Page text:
Find Internal Links with Campaign Parameters with Screaming Frog/
February 10, 2017
Campaign tracking is a great way to keep track of how much traffic you are sending to your website from external sources (Facebook posts, referral sites, etc.). With Campaign tracking, we append a few query parameters to URLs that point to our website. Those parameters tell Google Analytics information about where that link was posted. This is information that only we know, like which email campaign did this come from or what particular Facebook Ad sent them to your site.
There’s a huge, huge caveat with campaign parameters. We should never use campaign parameters on links on your website to your own website. If you have done this, or are not sure, then follow our steps to help find these links on your site with a tool called Screaming Frog.
A Little Background
Why is it a bad idea to use campaign tracking on links within your website? We actually wrote a blog post already that covers that topic. When Google Analytics sees someone arrive with campaign parameters, it will end the current session and start a new session with the new information. This can lead to tricky issues when trying to determine which channel should get credit for a purchase or goal conversion.
Here’s an example: if a user comes to your site via a paid search ad, their session is now labeled as Source/Medium = “google / cpc.” Let’s say they then they click on a link on your website to go to an internal page also on your website and being tracked with the same GA property, and that link has campaign tracking parameters on it such as this:
… their original session will end and a new session will start. This new session will have a Source/Medium = “mydomain.com/ mainNav” and all behavior from that point forward will be credited to that traffic source. Should that user complete a goal, then inside of Google Analytics, the “channel” that will receive credit for the goal will not be paid search – it will be the campaign you see in the link’s campaign parameters.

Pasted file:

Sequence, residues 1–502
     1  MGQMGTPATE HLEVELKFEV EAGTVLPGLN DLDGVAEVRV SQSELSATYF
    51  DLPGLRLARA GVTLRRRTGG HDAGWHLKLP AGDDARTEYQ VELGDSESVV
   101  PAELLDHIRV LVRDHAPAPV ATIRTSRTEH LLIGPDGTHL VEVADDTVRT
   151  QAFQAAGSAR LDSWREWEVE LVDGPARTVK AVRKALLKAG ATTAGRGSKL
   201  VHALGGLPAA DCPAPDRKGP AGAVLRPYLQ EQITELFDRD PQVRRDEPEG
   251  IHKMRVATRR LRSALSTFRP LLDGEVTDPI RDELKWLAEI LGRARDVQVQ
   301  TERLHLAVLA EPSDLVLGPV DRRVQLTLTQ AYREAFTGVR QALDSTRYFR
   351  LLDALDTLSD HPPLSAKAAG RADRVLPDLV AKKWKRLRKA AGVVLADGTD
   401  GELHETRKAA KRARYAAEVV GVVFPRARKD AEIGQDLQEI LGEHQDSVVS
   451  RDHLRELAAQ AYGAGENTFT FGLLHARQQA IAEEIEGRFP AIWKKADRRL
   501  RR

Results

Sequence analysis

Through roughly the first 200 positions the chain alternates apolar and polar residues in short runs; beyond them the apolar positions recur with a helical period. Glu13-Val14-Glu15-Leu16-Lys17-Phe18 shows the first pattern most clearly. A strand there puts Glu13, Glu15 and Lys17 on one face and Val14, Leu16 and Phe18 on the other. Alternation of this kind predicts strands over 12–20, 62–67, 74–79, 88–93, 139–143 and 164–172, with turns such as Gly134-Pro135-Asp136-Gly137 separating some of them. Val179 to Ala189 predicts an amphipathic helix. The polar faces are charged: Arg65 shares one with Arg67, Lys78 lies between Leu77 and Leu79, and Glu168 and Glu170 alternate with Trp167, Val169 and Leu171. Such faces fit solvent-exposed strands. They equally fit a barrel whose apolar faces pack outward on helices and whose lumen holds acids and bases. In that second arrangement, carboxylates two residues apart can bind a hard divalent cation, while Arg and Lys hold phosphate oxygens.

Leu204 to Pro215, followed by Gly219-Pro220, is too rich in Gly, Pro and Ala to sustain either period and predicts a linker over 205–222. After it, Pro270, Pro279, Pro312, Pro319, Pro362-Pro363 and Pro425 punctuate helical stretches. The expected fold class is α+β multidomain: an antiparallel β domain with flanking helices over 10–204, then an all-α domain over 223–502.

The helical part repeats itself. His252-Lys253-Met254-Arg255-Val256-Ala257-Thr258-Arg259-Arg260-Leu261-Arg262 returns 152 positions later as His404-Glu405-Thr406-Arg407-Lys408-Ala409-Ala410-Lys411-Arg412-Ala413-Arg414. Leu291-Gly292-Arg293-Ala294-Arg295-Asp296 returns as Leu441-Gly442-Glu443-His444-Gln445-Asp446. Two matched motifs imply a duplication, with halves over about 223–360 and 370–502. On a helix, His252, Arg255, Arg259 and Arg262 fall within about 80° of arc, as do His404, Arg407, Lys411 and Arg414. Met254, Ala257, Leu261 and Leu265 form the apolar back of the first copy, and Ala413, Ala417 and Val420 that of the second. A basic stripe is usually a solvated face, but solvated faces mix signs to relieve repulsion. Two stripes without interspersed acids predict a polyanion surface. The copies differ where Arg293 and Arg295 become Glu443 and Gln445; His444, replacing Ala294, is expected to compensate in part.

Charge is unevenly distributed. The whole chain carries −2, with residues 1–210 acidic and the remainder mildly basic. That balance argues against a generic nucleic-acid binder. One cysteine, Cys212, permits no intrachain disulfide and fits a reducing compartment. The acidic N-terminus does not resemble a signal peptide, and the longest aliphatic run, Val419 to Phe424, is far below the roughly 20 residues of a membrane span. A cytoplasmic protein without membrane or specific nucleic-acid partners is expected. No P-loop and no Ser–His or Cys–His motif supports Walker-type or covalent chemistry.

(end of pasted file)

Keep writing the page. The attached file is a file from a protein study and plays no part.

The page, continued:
Using campaign tracking parameters on internal links makes channel attribution really difficult, in the default reports and also within the Multi-Channel Funnel reports. In most cases, you’ll want to use event tracking to track clicks on internal links instead.
So, let’s find any potential issues and correct them!
What is Screaming Frog?
Screaming Frog is a great tool for investigating various aspects of your website by crawling through the files. It is a tool used often by those in the SEO industry, but we can take advantage of its strength for analytics purposes as well.
We have another great blog post that provides a little background on Screaming Frog as well.
Finding Internal Links with Campaign Tracking Parameters
To have Screaming Frog crawl your website, you need to enter your domain in the search bar and hit “Start.” We’re going to update a couple of settings before we do that though.
First, go to Configuration > Custom from the main navigation.
This is where we will add a filter that will allow us to search for any pages on our website that have campaign tracking parameters. Using the Custom option will return a list of URLs, which we can then investigate to see where the links exist on those pages.
In the Custom window, add the following line to the first filter condition:
This tells Screaming Frog that we want it to search for pages that contain any string of text that matches that regular expression (yes, you can enter regular expressions here even though the condition is “contains”). Note that here we’re expecting the medium to follow the source param, but you might want to just search for one of the parameters if you’re unsure how they might be implemented across your website.
Now we can run our crawl. Any results of the crawl will start to appear in the table below, such as this:
Click on any one of them to see more details. You can copy the address of one of the pages that were found and navigate to them in your browser to inspect further.
One example from our website is the blog post on “Campaign Tracking using _setAllowAnchor” which has a couple examples of how campaign parameters look on a URL:
This is alright, because we’re not actually linking anywhere – it is just a text example on one of our blogs.
You may find that you have to check the source code to see where the parameters are used in links on your webpages. For example, if there is an actual link on a page on your site that has campaign parameters, they likely won’t appear visually for the user. You’ll have to check out the source code and look for those links.
View the source of the page and then search (CTRL + F) for “utm_” to find any links, to your own site, that have the campaign parameters on them.
If they are in place on links to pages on your website, you will want to remove them and potentially add event tracking for those links.